Nordic Hamstring Exercise

The Nordic Hamstring Exercise

The Nordic Hamstring Exercise (NHE) is one of the more popular exercises prescribed for patients that are coming of a hamstring related injury. Aimed at increasing muscle fascicle length and eccentric hamstring strength. It is often used in conjunction with training as an exercise to specifically target injury prevention for elite level athletes. But what are the actual benefits and what does the evidence state when it comes to inclusion of the NHE.

One systematic review/meta-analysis by Van Dyk et al 2019, attempted to answer this very question. Achieved by analysing 15 studies that reported incidence across varying sports and age groups in both men and women. To summarise they found a reduction in overall injury risk ratio of 0.49 (95% CI) in favour of programmes including the NHE, and an overall reduction of hamstring related injuries up to 51%. 

It is important to note that the population included in the studies “athletes” was anyone participating in a sporting activity. These studies were not based around general population but let’s be real, nearly all hamstring related injuries occur in the sporting realm. The framework of eccentric related training and the NHE is prevalent at the elite level but the adoption of this exercises into regular programming of non-elite level athletes is poor.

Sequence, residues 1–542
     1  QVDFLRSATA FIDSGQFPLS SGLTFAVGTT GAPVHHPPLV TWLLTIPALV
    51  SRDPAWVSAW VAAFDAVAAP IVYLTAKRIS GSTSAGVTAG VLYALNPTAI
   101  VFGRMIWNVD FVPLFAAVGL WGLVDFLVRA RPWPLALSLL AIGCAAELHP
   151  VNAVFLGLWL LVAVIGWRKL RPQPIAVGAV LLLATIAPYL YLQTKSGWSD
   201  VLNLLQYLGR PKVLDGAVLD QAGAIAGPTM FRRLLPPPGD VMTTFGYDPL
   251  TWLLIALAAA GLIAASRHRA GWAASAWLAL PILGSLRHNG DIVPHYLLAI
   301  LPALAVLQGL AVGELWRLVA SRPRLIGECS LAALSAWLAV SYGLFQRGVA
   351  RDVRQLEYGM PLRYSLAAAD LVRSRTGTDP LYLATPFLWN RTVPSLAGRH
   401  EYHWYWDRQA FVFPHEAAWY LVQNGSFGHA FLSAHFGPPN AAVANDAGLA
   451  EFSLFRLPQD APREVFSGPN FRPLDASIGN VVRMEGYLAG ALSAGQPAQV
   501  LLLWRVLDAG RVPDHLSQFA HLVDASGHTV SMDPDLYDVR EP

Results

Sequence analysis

Do I think that the NHE should be implemented for all populations in both rehabilitation and injury prevention of hamstring injuries? Well, this depends on what the patients’ goals are and if they are aiming to get back to pre-injuries level to play sport or not.

Nonetheless, there is a lot of evidence to support the implementation of the NHE, and although the research doesn’t lend itself to the non-sporting population, I think it is a great exercise that we as clinicians can incorporate into both rehabilitation and injury prevention.

Van Dyk, N., Behan, F. P., & Whiteley, R. (2019). Including the Nordic hamstring exercise in injury prevention programmes halves the rate of hamstring injuries: a systematic review and meta-analysis of 8459 athletes. British journal of sports medicine53(21), 1362–1370. https://doi.org/10.1136/bjsports-2018-100045

Jamie Cheok – BeFit Training Physio Randwick

Jamie Cheok – BeFit Training Physio Randwick

Jamie Cheok is a physiotherapist based in Randwick in the Eastern Suburbs of Sydney. Jamie has successfully treated musculoskeletal problems on the basis of a thorough assessment and diagnosis coupled with evidence-based rehabilitation programs tailored to the needs and goals of each individual. To book a consultation, click the link below.

Sign up to our newsletter for the latest tips and tricks to stay injury free

Success! We'll keep you updated

Sign up to our blog to get all our articles delivered straight to your inbox

Success! We'll notify you when the next blog post goes live!

Pin It on Pinterest

Share This